Shelfmark: F/5/18
Location: Rare Books

A second edition of the Breve e Particolare Istruzione del Sacro Ordine Militare degli Ospitalari published in Padova in 1724 for the instruction of Hospitaller novices. This Library copy is inscribed by the last Grand Prior of the Conventual Church of St. John, the Maltese born Fra Raimondo Albino Menville (+1801) whose election and installation as Grand Prior had been vehemently opposed by rioting French Knights who were backing a compatriot for the exalted post.

Shelfmark: G/2/25
Location: Rare Books

A beautifully bound copy of the anatomical treatise Instituzioni d’Anatomia by the renowned Maltese surgeon Dott. Michael Angiolo Grima (1731–1798), published in Venice in 1781.  Trained in Florence, Pisa, and Paris, Michael Angiolo Grima was a leading surgeon at the Sacra Infermeria and the author of a number of scholarly medical monographs. His Instituzioni d’ Anatomia was dedicated to the reigning Grand Master Fra Emanuel de Rohan whose coat-of-arms adorn the front and back covers of what was probably a presentation copy.

In an age when anesthesia was undreamt of, and operations painful and frightening, Grima was renowned for his rapidity in performing lithotomy and mastectomy in two-and-a-half and three minutes respectively.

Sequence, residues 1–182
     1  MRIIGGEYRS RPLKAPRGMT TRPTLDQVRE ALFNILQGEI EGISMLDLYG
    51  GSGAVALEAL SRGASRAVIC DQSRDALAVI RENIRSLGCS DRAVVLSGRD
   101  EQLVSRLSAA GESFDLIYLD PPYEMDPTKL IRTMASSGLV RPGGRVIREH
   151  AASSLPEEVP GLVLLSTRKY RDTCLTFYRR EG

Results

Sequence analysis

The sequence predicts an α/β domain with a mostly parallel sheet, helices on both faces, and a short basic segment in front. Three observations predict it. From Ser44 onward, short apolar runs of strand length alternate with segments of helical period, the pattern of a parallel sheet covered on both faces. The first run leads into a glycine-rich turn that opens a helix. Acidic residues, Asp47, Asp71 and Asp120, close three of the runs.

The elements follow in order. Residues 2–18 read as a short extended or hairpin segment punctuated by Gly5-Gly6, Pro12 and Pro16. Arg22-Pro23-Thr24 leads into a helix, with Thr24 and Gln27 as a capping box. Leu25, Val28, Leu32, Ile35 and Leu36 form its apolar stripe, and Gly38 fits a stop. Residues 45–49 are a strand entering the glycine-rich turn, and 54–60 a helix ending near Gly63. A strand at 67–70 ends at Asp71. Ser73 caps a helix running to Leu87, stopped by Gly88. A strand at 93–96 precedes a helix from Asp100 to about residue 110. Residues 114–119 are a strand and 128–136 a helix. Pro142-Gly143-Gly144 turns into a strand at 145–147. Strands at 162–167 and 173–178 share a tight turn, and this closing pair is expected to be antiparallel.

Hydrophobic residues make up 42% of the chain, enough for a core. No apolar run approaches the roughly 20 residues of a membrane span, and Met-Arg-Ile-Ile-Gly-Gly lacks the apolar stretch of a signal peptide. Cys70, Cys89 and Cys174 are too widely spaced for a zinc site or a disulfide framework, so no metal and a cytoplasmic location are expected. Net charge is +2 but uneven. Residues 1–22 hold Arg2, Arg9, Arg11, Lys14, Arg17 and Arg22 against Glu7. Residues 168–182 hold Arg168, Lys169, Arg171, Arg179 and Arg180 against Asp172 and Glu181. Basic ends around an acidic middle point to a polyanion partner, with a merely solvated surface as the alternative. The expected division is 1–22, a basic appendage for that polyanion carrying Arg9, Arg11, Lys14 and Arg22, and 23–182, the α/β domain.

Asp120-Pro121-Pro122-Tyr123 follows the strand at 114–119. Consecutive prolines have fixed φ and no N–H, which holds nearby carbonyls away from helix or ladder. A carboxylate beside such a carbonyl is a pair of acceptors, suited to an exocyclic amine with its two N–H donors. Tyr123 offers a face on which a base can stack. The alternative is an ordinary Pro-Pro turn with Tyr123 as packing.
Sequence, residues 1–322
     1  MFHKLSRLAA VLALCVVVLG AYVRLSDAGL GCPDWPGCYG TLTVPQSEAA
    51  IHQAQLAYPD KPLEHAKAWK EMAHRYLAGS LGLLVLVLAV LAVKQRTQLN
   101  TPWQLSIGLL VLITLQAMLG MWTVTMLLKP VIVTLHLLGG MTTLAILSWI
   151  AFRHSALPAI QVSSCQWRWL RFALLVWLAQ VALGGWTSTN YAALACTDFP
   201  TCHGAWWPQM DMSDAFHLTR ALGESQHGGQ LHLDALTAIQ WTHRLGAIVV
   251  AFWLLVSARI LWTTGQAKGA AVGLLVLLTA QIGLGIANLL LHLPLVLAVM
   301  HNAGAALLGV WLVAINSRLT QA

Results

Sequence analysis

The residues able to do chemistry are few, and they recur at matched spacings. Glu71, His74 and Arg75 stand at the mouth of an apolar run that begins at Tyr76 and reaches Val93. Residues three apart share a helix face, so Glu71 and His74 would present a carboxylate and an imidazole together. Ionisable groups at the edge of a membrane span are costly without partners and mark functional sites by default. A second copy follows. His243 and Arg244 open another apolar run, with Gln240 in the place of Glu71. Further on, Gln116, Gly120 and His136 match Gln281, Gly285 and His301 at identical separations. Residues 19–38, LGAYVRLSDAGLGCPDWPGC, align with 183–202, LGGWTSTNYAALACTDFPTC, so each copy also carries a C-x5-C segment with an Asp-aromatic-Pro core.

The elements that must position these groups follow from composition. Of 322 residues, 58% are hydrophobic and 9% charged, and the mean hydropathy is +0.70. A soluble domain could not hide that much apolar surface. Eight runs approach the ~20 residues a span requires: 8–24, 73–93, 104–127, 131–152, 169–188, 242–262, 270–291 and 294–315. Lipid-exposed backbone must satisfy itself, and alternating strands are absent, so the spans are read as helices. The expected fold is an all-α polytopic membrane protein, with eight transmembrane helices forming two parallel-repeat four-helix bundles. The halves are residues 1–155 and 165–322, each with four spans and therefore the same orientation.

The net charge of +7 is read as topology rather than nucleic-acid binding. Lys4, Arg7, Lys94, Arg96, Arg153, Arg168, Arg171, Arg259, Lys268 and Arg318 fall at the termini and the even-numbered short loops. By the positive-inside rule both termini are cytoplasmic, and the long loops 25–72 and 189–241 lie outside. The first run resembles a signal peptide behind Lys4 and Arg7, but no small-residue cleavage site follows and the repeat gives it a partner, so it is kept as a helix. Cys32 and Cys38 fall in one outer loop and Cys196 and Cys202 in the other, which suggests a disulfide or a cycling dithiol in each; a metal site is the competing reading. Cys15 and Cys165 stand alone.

Shelfmark: MZH55 Oversize
Location: Melitensia Collection

A miscellany of forty eight sonnets and laudatory verse penned by the best Italian 18th century poets, in an anthology edited by the Knight Commander Fra Geatano Valenti di Mantova, and published in the Grand Duchy of Parma to mark the election of the Aragonese Grand Master of the Order of Malta, Fra D. Francisco Ximenes de Texada. The poets hailed from the highest literary circles and academies of Italy.

Shelfmark: D/2/8
Location: Rare Books

Bernard de Montfaucon’s A Collection of Regal and Ecclesiastical Antiquities of France translated from the French original and published in London in 1750. The two volume work is superbly illustrated with 300 large folio copper plates, including a dedicatory frontispiece of an equestrian Louis XV of France.

The above plates illustrate episodes from the reign of King Louis XII and his second wife Anne of Brittany whom he had married after the annulment of his first marriage by the notorious Borgia Pope Alexander VI.

In 1499 Louis XII recovered the Duchy of Milan from the tyrannical Sforzas, but the city of Genoa revolted and though initially successful had to be quelled by a 20,000 strong French army. The poet John Marot (Maretz) who was among the relieving force immortalized the events through various French and Latin compositions which he dedicated and presented to the Queen of France.

The plate to the left shows the Queen seated under the canopy of state, attended by her ladies at a distance, and her court officers in closer proximity, with the poet on his knee before her. The accompanying plate shows the Geneovese rebels storming a French-held hilltop fort below which is depicited a larger fortified castle, citadel and college, with the Genoese harbour installations in the background.

Shelfmark: A/4/7
Location: Rare Books